It’s not just the heroes that have more going on beneath the surface, but the villains as well. Take the Imperial officer Syril, played by Kyle Soller. This man is obsessed with going by the book and following rules to a tee, so much so he investigates the murders of one of his fellow officers against orders. The Empire values order and protocol, which is exemplified in Syril, yet, his drive to follow protocol leads him to break command to pursue Cassian, recruiting his own group of officers to bring Cassian in for questioning.
Syril doesn’t have an imposing aura; in fact, he attempts to give an inspiring speech, but it’s left boring his team. When he does have his moment to confront Cassian, it’s Cassian that has the upper hand, holding a blaster to his head; he complies with him as he escapes in fear of being shot. As mayhem erupts in Episode 3 with Cassian and Luthen escaping, you see his shock to the point of being paralyzed that his personal mission to bring Cassian in for questioning has failed. Though the consequence of his actions remains to be seen, what we’ve witnessed of Syril so far goes to pick at the familiar layers from our heroes and villains alike in a galaxy far, far away.
After watching the Andor Episodes 1-3, it’s clear why the series decided to release these episodes together. Andor is deliberately paced to build up the big action set piece in Episode 3. In order to make Cassian and Luthen’s escape matter, as well as Timm’s death to have an impact, Episodes 1 and 2 build up the tension while taking their time to peel back Cassian’s backstory. In the quiet of Cassian reaching out to Bix and Brasso (Joplin Sibtain), we see more of what makes the man and future member of the Rebel Alliance. At the moment, he doesn’t necessarily think too far ahead, as showcased by the traps Luthen sets up to evade the Imperial officers. The first season of Andor is set five years before the events of Rogue One, so audiences are getting to see him refine his skills into the spy we know him to be. (This is the benefit of a series paced with an end in mind.)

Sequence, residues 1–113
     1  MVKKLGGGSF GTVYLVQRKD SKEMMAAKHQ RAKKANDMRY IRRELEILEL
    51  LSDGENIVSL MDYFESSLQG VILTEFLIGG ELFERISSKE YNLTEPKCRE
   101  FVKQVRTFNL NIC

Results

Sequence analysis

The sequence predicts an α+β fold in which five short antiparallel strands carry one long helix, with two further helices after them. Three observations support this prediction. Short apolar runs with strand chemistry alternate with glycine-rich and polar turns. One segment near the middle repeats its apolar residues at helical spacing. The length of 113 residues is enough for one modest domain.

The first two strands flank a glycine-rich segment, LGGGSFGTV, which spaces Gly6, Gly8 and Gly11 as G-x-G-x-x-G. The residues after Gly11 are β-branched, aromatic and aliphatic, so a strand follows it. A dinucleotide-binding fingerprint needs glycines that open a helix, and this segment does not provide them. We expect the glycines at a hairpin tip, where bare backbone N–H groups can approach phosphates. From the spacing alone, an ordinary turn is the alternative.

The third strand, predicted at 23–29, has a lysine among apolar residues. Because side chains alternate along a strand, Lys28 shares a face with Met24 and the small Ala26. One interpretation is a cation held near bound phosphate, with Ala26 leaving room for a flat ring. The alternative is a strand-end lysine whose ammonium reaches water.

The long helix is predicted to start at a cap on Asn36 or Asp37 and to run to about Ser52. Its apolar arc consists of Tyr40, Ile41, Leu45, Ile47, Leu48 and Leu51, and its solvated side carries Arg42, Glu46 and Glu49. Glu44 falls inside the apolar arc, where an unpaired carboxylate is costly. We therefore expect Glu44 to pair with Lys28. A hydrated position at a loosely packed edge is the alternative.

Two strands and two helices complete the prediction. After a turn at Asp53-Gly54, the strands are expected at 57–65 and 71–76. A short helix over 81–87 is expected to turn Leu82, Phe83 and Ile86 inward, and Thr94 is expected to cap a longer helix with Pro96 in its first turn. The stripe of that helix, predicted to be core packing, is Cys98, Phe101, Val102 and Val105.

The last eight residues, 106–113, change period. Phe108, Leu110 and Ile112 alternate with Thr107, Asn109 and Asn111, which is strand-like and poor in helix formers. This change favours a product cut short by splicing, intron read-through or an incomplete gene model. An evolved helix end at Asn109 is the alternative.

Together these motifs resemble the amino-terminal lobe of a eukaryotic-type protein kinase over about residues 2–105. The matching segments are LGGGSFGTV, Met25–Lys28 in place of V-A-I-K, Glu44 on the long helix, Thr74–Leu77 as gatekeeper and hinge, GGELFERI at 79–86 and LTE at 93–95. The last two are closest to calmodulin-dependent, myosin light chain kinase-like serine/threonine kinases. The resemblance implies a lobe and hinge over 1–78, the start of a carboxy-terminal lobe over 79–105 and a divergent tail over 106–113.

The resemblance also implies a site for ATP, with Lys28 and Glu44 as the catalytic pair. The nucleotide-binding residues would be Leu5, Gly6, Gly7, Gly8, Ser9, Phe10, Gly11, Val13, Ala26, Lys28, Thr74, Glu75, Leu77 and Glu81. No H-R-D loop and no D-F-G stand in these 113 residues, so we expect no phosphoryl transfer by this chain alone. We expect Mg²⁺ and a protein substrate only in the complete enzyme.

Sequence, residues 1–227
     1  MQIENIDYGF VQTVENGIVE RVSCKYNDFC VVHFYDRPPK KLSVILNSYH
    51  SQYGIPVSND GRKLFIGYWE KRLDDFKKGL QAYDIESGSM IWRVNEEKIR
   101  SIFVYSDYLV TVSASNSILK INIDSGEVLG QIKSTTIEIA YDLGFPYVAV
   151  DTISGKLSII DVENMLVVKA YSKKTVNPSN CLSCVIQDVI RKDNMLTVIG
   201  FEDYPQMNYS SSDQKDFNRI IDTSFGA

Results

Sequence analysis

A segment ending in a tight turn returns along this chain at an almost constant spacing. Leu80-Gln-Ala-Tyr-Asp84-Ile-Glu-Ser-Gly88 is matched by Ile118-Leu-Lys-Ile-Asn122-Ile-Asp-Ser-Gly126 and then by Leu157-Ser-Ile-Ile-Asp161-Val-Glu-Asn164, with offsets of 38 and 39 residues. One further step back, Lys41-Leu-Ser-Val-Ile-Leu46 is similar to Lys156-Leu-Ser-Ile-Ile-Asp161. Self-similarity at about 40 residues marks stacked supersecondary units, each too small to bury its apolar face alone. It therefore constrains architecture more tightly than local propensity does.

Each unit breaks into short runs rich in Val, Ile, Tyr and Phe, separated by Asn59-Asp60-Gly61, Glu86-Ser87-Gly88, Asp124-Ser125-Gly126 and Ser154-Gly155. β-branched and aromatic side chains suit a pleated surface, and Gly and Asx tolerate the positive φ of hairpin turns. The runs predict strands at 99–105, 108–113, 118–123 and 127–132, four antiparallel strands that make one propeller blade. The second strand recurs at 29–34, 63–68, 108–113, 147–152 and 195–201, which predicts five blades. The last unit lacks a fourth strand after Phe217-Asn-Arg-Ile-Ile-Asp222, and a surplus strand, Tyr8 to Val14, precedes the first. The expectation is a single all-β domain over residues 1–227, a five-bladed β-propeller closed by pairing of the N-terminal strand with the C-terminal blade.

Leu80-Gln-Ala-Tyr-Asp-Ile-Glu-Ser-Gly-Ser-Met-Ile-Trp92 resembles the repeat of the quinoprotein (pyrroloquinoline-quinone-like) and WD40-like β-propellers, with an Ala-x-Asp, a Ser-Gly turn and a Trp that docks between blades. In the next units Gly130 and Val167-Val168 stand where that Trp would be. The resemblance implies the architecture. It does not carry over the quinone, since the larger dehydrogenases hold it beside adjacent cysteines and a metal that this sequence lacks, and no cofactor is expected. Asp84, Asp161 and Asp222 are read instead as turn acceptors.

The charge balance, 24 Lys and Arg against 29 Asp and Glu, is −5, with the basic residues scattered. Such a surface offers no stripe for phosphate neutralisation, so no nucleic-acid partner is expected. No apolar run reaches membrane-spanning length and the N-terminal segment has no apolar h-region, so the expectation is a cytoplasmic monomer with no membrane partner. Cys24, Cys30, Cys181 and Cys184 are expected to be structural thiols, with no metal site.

Before I wrap this up, I have to indulge my undying love for the latest droid to be introduced in Star Wars — B2EMO. Voiced by Dave Chapman, B2EMO belongs to Maarva and honestly belongs to the hearts of audiences everywhere. This droid’s devotion to Cassian is adorable and endearing, being one of the first things Cassian meets before Maarva takes him off his homeworld. We know that it’s only a matter of time before we see Cassian meet K-2SO (Alan Tudyk returning to voice him), but I hope we get to see more of B2EMO soon since Cassian left his droid behind in his escape.
For the latest in a line of prequel series in pop culture making waves, like House of the Dragon on HBO or Lord of the Rings: The Rings of Power on Prime Video, Andor feels fresh among the rest. From its grounded, character-driven storytelling to its exceptional score from Nicholas Britell, Andor uses these strengths to make new ground in an era of Star Wars that we’ve visited before. The current lack of fan service in its first three episodes allows Cassian and these new characters to really stand tall on their own, empathizing with their turmoil and angst.
There’s a moment in Andor Episodes 1-3 when Scarif is mentioned; of course, this is the ill-fated planet that would be destroyed by the newly operational Death Star at the end of Rogue One. The mention of Scarif is a painful reminder of where all of this is leading. No matter what happens, Cassian Andor’s journey will end on a beach in the embrace of Jyn as life ceases around them. Though his future may not have a happy ending, the Andor series is giving Cassian’s story a legacy that will make waves across the Star Wars galaxy. He is part of the spark that will light the fire that will bring the Empire to its knees.
Andor Episodes 1-3 are now streaming on Disney Plus.